Summer Pet Health Tips

June 21st marks the official beginning of summer, making this a good time to review some pet health risks and tips associated with the season.

  1. Be certain your pet has access to fresh clean water at all times.  It is a good idea to have water in multiple locations in the home and clean the bowls regularly so that they don’t grow bacteria.  When you are traveling or taking your pet out with you, be sure to bring water for them.
  2. Know your pet’s heat tolerance.  Normal body temperature for a dog or cat is higher than humans at between 100 and 102.5 degrees but they do not do as well in the heat, especially if they become dehydrated.
  3. Never leave your pet in a vehicle.  It can take just minutes for the temperature inside your car to reach dangerous levels even if you have the windows opened or if it doesn’t feel that hot outside.  This is also considered illegal in many states.
  4. Discard any uneaten food.  Bacteria grows much faster when it is warm out and you don’t want your pet coming back for unsafe food.  Feed your pet smaller portions more often if necessary.
  5. Know what is toxic to your pet. Plants as well as household items and foods such as chocolate, onions, coffee, nicotine, alcoholic beverages, poultry bones, fatty foods and grapes/raisins can all be harmful.  Click here for a complete list of foods and common household items considered dangerous to your pet.
  6. Keep pet ID and contact information on your pet. Pets are more active in the summer, chase other animals, can be with you traveling in an unfamiliar place — and end up lost. The pet’s name and your phone number (cell is usually the fastest way to reach you) on its collar can be a lifesaver.  You may also want to consider microchipping your pet since this cannot be lost and has a proven history of pet recovery.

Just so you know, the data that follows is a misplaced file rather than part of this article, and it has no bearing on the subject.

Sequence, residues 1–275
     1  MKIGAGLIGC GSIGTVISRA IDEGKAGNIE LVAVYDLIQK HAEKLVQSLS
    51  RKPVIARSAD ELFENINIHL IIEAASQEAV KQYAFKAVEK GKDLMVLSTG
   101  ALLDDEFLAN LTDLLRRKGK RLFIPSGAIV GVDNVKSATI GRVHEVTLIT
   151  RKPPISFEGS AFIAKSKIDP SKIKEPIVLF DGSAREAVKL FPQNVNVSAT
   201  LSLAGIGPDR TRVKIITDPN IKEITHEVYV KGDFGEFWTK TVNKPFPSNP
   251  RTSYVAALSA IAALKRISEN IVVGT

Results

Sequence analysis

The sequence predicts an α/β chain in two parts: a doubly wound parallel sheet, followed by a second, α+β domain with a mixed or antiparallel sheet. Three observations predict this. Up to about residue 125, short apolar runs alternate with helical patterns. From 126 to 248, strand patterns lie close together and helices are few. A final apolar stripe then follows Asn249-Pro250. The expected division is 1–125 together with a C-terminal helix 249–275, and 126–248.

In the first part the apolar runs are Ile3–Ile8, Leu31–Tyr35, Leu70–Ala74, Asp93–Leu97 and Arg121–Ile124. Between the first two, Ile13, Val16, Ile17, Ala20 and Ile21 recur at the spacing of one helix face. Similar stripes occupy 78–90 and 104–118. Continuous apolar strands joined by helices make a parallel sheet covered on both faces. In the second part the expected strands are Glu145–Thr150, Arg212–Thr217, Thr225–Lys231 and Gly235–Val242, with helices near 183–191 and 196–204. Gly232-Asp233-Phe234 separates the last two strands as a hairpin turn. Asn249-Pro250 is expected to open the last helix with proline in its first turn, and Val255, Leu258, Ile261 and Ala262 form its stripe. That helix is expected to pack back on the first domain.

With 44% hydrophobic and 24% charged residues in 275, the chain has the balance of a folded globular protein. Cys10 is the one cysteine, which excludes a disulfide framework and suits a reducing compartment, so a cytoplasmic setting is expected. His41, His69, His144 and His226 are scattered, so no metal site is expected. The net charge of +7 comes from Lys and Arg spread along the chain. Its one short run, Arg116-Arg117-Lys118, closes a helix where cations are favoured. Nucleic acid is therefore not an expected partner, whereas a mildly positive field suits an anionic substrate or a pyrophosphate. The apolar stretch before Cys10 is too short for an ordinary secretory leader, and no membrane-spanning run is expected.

7. Check your pet for fleas, ticks, and mites. Check and groom your pet daily to ensure that they do not have fleas, ticks, mites, heartworm (from mosquitoes), bites, or other infections or rashes from being outdoors.
  8. Groom your pet daily. Grooming your pet regularly will help it stay cooler, provide inspection for health problems and reduce hairballs in cats.
  9. Walk pets in the early morning or evening. Try to walk or exercise your pet in the morning or early evening when it is cooler.
  10. Keep fish tanks away from sunlight. The temperature of fish is directly affected by water temperature. If the water heats up it can become harmful or fatal to the fish.
  11. Not all dogs are excellent swimmers by nature especially if they have health problems.  Consider protecting your pet on a boat with a life jacket just as you would for your children.  If your pet is knocked off of the boat (perhaps getting injured in the process), or is tired/cold from choppy water or sudden storm, a life jacket could be what saves your pet’s life.
  12. If your traveling away from home and in particular to remote locales, it is good practice to research where the nearest veterinarian can be found in the event of an emergency.
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